CHARLESTON — Legislation aimed at blocking concepts and philosophies derived from critical race theory has morphed several times since West Virginia lawmakers began considering the bills, the most recent being even smaller.
The House Judiciary Committee recommended passage of Senate Bill 498, the Anti-Racism Act, after midnight Wednesday after a previous bill, House Bill 4011, never was fired from the committee at the end of February.
The House Judiciary Committee approved a strike-and-insert amendment to SB 498. The bill still prohibits teaching that one race is morally or intellectually superior or inferior to another; or that a race is inherently racist, consciously or unconsciously. However, the committee removed the definition of “race” in the bill, leaving the term undefined.
The bill continues to prohibit teaching that an individual’s moral character derives from their racial identity or that they bear responsibility for acts committed by people of a similar racial background. It includes protections for free speech, historical discussion, and academic freedom in certain circumstances as long as alternative theories are discussed. It also includes a complaints and appeals process for students, parents and staff to report violations of the provisions of the bill.
But the committee removed other provisions that would have prohibited making someone feel discomfort, guilt, anguish or other forms of psychological distress because of their race. It also removed prohibitions on labeling academic achievement, merit, or certain traits, such as hard work, as racist.
Delegate Wayne Clark, R-Jefferson, is a supporter of the bill. Although different from the original HB 4011, Clark said he was still pleased that SB 498 addressed his concerns about racial concepts derived from critical race theory that find their way into classrooms.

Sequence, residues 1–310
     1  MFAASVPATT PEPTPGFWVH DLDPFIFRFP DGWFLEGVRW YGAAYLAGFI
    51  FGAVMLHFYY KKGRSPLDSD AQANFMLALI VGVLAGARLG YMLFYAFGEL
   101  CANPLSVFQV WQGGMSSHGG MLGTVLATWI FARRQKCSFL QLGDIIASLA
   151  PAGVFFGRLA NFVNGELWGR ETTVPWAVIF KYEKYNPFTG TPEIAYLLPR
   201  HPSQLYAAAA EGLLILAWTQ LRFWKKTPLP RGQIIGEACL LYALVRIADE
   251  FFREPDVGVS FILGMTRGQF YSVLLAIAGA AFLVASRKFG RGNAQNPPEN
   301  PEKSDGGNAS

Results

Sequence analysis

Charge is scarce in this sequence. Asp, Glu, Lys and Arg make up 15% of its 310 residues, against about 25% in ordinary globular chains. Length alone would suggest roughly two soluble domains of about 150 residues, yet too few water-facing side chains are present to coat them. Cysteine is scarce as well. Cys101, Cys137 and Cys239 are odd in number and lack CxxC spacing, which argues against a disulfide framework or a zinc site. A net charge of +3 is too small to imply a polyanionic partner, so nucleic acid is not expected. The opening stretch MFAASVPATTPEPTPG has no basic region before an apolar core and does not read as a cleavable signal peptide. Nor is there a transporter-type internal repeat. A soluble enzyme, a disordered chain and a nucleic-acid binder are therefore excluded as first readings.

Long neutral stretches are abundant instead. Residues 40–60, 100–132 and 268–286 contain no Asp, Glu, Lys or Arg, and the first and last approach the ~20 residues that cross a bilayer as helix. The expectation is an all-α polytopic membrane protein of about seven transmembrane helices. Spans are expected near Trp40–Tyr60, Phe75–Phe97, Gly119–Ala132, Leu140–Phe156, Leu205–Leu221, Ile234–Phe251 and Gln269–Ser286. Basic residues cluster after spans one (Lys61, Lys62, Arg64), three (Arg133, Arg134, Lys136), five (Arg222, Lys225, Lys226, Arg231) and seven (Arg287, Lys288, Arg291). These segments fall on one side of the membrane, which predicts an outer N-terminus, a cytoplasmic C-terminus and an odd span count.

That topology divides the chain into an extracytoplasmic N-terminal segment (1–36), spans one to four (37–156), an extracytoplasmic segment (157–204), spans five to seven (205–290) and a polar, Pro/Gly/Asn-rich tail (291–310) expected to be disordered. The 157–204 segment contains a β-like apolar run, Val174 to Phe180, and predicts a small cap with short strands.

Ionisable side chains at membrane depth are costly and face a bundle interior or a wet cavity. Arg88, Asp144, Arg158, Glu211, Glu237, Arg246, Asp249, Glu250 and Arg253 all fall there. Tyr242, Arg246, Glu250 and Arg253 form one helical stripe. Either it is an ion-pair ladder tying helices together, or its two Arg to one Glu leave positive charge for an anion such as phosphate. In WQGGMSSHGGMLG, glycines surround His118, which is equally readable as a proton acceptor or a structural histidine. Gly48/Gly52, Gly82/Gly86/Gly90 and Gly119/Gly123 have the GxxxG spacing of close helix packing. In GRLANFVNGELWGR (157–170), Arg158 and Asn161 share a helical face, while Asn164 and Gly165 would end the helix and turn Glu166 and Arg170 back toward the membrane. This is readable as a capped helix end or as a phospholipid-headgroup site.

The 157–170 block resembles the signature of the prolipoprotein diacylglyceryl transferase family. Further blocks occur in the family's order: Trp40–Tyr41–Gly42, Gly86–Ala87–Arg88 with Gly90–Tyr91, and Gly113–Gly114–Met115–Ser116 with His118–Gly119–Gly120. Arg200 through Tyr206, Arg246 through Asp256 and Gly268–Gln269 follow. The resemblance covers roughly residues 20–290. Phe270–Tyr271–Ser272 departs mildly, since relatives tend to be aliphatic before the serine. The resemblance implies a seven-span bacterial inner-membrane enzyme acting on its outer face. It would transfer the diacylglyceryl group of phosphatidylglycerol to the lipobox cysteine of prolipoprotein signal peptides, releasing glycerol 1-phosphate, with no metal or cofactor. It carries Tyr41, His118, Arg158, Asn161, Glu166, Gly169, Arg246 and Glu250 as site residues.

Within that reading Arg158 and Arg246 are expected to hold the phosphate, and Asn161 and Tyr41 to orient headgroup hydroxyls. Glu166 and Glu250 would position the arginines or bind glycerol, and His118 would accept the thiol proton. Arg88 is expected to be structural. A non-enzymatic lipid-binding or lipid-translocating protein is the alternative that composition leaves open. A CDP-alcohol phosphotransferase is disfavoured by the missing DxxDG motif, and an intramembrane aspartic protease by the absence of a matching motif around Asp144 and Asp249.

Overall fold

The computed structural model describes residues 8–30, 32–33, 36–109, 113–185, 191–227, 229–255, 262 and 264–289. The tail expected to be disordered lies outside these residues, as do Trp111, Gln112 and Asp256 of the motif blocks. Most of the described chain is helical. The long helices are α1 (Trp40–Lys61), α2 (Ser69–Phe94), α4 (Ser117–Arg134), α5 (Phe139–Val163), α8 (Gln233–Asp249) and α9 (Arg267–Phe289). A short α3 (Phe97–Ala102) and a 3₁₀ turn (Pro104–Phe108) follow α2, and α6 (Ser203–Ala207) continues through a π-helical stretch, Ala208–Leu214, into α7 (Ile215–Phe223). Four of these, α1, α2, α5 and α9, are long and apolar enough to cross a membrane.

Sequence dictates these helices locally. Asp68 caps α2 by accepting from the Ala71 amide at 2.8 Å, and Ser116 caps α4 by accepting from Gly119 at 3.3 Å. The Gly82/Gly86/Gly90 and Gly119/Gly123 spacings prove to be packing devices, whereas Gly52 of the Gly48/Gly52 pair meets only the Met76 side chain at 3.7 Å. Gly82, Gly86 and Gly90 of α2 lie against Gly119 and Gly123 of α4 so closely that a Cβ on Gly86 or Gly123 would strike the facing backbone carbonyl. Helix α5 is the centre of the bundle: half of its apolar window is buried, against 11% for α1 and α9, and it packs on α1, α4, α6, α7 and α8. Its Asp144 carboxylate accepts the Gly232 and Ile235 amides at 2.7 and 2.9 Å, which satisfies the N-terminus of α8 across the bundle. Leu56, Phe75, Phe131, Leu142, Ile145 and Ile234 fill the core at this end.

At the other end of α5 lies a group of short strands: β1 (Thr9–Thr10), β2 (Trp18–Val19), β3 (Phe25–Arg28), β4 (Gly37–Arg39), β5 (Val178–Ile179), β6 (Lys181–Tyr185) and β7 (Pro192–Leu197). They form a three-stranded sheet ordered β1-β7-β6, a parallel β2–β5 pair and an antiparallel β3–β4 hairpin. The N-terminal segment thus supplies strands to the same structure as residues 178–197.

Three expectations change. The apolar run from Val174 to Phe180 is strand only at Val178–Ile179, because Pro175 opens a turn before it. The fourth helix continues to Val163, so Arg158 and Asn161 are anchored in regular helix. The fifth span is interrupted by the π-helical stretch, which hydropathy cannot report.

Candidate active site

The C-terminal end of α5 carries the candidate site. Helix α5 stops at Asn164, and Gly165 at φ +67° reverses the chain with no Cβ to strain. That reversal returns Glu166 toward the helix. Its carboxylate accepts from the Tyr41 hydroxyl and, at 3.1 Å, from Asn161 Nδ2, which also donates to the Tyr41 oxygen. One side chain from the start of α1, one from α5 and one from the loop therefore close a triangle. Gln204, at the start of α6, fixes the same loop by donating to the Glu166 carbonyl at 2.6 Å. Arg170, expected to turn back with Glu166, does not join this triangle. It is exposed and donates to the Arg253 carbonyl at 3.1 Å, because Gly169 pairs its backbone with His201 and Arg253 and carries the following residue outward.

“It’s a good start” said Clark, who says her 15-year-old twin daughters were taught they have white privilege because of their race. “I don’t think this is going to solve some of the things I went through in Jefferson County like the conversations I have with my daughters…but it’s a start and I think it’s a good enough start for the body to pass and maybe next year we will look to make it stronger.
HB 4011 would have required greater transparency of curricula for public schools regarding non-discrimination, diversity, equity, inclusion, race, ethnicity, gender, bias, or any combination of these concepts. The original version of SB 498 had no curriculum transparency component, but it applied to K-12 public and charter schools as well as higher education. It also included race, gender and ethnicity as protected categories.
The House Education Committee removed provisions of SB 498 that applied to higher education and removed gender and ethnicity from the bill, reducing the bill’s focus on race. But despite the bill’s reduction, opponents still believe the bill will deter teachers from talking about race issues from a historical perspective or in relation to current events.
“I think the process he describes is flawed,” said House Judiciary Committee Minority Vice Chairman Chad Lovejoy, D-Cabell. “If you’re an educator and you don’t want to press charges…if you’re approaching no-go areas or questionable areas, the safest course for the educator is just not to. This is the essence of the stun effect.
The full House will consider SB 498 in time for the end of the 2022 legislative session at midnight Saturday, March 12, though the state Senate will have to agree to changes made to the bill by the House Committees. Education and Judiciary of the House.